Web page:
The parties agree the Plan requires Evidence of Insurability for coverage in excess of the NMI amount and that MetLife has discretion to approve or disapprove the Evidence of Insurability. The Plan provides that upon MetLife's determination that the Evidence of Insurability is satisfactory, the insurance will take effect on the date they state in writing.*fn22

Plaintiffs argue that because "Evidence of Insurability" is unclear, decedent's completion of the SOH satisfied the Evidence of Insurability requirement. Pls.' MOL, at 11, Dkt. No. 23-2. They allege decedent obtained coverage in the amount of $420,000 upon submission of the enrollment forms and SOH to Adspace. They contend that MetLife provided the effective date in writing--April 1, 2008, the date pre-printed throughout the Plan documents, enrollment forms, and indicated in the Certificate of Insurance accompanying the May 7 letter. Thus, they conclude April 1, 2008, is the effective date for the full $420,000 of coverage and not some later date to be determined by MetLife.

Conversely, MetLife contends that supplemental coverage beyond the NMI amount was contingent upon approval or disapproval by MetLife--approval which could only be contemplated after decedent submitted the SOH and MetLife engaged in underwriting. Therefore defendants claim the $320,000 of supplemental coverage was not yet in effect as of April 1, 2008, and could not be in effect until MetLife processed the SOH and conducted further investigation if they deemed it necessary. MetLife argues it would be after that process that they would issue in writing, if at all, notice of the effective date for the supplemental coverage.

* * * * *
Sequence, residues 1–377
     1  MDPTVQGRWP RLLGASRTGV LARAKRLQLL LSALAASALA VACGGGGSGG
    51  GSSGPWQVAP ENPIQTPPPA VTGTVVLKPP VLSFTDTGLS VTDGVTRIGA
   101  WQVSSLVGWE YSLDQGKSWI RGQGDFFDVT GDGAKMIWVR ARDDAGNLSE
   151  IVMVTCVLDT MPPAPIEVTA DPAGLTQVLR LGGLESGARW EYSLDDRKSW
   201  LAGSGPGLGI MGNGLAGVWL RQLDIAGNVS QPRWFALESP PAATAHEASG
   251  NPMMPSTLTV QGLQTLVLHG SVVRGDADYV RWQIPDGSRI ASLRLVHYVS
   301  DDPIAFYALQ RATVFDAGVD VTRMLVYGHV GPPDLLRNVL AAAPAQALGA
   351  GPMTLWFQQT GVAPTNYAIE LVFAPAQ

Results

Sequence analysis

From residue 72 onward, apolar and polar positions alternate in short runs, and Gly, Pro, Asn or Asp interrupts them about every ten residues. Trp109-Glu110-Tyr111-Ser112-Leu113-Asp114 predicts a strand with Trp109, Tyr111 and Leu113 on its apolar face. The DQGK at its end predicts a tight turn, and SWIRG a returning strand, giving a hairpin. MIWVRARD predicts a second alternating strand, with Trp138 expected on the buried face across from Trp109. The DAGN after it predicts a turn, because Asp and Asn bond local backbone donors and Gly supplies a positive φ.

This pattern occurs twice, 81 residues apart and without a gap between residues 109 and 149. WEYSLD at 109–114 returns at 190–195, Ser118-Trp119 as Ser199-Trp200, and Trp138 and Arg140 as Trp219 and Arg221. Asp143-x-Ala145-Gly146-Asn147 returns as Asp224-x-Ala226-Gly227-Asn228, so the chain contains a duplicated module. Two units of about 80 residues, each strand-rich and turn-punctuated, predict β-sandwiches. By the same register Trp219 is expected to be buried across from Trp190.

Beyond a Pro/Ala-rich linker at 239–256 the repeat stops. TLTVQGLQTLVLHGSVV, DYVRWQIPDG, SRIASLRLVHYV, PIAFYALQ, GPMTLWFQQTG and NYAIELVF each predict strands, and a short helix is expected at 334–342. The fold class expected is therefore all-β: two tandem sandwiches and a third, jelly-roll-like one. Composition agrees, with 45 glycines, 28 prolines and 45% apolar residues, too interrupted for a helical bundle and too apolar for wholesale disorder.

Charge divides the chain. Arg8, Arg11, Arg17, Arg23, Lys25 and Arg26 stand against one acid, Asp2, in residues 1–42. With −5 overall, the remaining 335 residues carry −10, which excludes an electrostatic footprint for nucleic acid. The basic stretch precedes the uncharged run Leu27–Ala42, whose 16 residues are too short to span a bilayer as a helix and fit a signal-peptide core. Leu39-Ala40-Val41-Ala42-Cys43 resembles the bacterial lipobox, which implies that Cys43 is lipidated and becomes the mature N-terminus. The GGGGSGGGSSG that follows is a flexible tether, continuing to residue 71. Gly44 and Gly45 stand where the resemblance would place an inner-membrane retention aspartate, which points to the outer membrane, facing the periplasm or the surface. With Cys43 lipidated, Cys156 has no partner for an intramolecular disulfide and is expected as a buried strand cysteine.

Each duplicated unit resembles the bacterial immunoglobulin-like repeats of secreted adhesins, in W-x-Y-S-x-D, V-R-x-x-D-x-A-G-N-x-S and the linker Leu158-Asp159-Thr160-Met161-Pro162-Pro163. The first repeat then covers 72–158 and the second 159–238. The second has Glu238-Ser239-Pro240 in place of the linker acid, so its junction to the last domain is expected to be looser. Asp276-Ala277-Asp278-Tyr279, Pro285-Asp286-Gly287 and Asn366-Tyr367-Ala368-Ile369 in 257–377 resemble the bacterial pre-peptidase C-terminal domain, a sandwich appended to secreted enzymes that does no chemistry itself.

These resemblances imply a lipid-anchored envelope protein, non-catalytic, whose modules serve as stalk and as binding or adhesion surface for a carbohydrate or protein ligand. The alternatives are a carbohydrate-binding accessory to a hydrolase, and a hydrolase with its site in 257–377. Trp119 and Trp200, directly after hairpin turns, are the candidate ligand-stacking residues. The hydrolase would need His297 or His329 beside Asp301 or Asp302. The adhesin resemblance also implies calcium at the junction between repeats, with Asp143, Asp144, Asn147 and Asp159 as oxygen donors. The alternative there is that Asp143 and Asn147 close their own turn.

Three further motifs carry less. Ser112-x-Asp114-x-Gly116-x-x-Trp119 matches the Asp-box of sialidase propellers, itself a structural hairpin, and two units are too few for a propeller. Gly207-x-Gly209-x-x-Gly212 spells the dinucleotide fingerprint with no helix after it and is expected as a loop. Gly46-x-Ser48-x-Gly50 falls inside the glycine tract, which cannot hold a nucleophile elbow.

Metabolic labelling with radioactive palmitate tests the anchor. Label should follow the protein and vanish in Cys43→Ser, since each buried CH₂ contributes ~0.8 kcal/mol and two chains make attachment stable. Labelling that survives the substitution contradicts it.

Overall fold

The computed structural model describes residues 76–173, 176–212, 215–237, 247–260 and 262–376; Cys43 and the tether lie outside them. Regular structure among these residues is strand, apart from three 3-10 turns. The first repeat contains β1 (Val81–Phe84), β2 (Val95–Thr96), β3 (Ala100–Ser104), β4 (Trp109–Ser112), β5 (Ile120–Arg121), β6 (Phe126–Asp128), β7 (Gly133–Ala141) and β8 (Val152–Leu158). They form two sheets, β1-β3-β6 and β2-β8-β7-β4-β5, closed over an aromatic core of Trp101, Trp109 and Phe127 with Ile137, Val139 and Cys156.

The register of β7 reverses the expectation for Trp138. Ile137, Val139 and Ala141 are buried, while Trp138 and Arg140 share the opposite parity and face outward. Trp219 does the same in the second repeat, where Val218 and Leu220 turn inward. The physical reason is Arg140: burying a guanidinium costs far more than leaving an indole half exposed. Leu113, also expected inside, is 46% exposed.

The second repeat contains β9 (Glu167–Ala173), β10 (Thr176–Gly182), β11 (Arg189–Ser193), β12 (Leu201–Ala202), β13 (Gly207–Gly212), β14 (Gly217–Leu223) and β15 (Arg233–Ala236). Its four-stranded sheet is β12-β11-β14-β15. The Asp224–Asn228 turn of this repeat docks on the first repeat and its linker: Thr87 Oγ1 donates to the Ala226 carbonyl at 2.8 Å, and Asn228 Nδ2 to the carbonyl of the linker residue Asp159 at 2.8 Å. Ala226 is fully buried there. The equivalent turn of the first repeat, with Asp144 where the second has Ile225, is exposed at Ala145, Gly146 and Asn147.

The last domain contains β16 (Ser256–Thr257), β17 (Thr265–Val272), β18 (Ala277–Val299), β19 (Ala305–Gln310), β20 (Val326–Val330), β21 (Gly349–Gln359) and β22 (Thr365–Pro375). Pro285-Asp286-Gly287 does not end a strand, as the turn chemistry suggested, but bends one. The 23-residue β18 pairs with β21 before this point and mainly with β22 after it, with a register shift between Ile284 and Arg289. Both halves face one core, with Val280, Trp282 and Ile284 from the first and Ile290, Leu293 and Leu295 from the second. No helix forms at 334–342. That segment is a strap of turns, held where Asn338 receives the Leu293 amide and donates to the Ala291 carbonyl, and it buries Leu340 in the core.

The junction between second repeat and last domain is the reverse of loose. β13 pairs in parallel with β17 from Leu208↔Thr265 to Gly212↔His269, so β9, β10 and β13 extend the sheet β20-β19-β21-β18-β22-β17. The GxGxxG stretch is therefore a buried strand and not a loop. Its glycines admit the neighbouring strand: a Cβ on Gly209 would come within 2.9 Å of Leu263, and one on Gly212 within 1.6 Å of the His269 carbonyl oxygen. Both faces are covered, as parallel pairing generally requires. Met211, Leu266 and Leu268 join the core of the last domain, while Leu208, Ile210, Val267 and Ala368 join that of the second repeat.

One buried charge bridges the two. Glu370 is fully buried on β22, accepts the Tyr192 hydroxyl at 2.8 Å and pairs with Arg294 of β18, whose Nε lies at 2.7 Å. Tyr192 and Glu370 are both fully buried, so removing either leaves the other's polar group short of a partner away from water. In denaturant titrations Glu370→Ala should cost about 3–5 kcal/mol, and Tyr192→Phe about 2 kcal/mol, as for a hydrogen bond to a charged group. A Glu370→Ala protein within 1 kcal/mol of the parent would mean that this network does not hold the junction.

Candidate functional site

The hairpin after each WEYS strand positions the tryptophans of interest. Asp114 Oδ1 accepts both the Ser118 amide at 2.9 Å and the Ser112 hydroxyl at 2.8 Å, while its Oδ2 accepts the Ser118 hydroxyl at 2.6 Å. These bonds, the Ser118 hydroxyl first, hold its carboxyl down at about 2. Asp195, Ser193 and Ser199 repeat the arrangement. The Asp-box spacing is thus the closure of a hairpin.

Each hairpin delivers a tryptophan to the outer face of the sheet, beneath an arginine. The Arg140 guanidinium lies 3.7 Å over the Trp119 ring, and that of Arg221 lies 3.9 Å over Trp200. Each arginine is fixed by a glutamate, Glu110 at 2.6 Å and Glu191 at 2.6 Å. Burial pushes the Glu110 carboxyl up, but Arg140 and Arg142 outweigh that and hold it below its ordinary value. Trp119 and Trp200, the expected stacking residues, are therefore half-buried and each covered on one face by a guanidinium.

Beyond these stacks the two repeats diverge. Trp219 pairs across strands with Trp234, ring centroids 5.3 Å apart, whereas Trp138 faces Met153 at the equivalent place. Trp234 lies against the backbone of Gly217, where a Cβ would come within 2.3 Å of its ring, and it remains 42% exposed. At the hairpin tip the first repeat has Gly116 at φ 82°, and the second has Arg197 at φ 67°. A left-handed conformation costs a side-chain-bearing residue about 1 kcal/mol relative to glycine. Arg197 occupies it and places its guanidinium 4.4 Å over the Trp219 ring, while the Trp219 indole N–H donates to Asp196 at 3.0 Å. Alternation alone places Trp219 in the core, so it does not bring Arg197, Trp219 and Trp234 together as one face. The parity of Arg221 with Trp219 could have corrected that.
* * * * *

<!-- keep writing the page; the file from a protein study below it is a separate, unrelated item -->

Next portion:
Although there is merit to both arguments, neither is entirely convincing. The Plan provides, and the parties agree, coverage in excess of the $100,000 NMI amount requires approval. The Plan dictates that supplemental coverage will take effect on the date MetLife states in writing. Based on this, MetLife's contention that coverage in excess of $100,000 was not automatic is a reasonable interpretation and plaintiffs' claim that SOH approval was automatic upon submission of decedent's enrollment forms is unpersuasive. If, as plaintiffs contend, there was automatic coverage for the full amount of supplemental benefits elected by an applicant, the NMI guaranteed amount would be meaningless because all employees would be automatically provided the full amount of coverage they elect. MetLife contends that because they did not yet engage in underwriting, they did not approve decedent's Evidence of Insurability, and thus as of Roger Knopick's death, MetLife had not yet provided an effective date of coverage in writing.

The evidence is to the contrary. MetLife's May 7, 2008, letter to Adspace's HR Director informed her that the installation of Adspace's new coverage with MetLife was complete. The Certificate of Insurance, enclosed with the May 7 letter and also dated May 7, 2008, states that the policy will take effect on April 1, 2008.

MetLife contends there are various branches of the Plan but that when discussing the policy, people refer to the Plan as a whole. Thus, they contend the May 7 letter and accompanying Certificate of Insurance referred to the Plan as a whole and the April 1, 2008, effective date listed in the Certificate applied to the Plan as a whole. They claim that the Plan provision, stating that MetLife would notify applicants in writing of the effective date for insurance requiring Evidence of Insurability, remained applicable for supplemental coverage in excess of the NMI amount.